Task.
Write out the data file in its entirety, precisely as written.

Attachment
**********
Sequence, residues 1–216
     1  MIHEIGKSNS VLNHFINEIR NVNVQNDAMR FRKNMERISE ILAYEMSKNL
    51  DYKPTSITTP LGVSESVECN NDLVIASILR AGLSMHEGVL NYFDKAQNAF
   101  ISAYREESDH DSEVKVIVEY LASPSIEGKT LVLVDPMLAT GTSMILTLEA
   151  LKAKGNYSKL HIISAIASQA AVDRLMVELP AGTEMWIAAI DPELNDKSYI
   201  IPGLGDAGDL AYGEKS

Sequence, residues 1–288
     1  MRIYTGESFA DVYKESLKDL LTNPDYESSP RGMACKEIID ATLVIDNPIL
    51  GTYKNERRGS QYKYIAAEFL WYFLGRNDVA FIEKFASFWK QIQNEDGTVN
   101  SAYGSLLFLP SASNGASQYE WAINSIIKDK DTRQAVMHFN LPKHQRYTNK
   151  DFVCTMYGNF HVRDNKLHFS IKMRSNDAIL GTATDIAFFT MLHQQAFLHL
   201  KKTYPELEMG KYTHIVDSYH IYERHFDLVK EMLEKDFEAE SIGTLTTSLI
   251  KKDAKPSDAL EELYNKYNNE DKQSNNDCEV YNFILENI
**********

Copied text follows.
Sequence, residues 1–216
     1  MIHEIGKSNS VLNHFINEIR NVNVQNDAMR FRKNMERISE ILAYEMSKNL
    51  DYKPTSITTP LGVSESVECN NDLVIASILR AGLSMHEGVL NYFDKAQNAF
   101  ISAYREESDH DSEVKVIVEY LASPSIEGKT LVLVDPMLAT GTSMILTLEA
   151  LKAKGNYSKL HIISAIASQA AVDRLMVELP AGTEMWIAAI DPELNDKSYI
   201  IPGLGDAGDL AYGEKS

Sequence, residues 1–288
     1  MRIYTGESFA DVYKESLKDL LTNPDYESSP RGMACKEIID ATLVIDNPIL
    51  GTYKNERRGS QYKYIAAEFL WYFLGRNDVA FIEKFASFWK QIQNEDGTVN
   101  SAYGSLLFLP SASNGASQYE WAINSIIKDK DTRQAVMHFN LPKHQRYTNK
   151  DFVCTMYGNF HVRDNKLHFS IKMRSNDAIL GTATDIAFFT MLHQQAFLHL
   201  KKTYPELEMG KYTHIVDSYH IYERHFDLVK EMLEKDFEAE SIGTLTTSLI
   251  KKDAKPSDAL EELYNKYNNE DKQSNNDCEV YNFILENI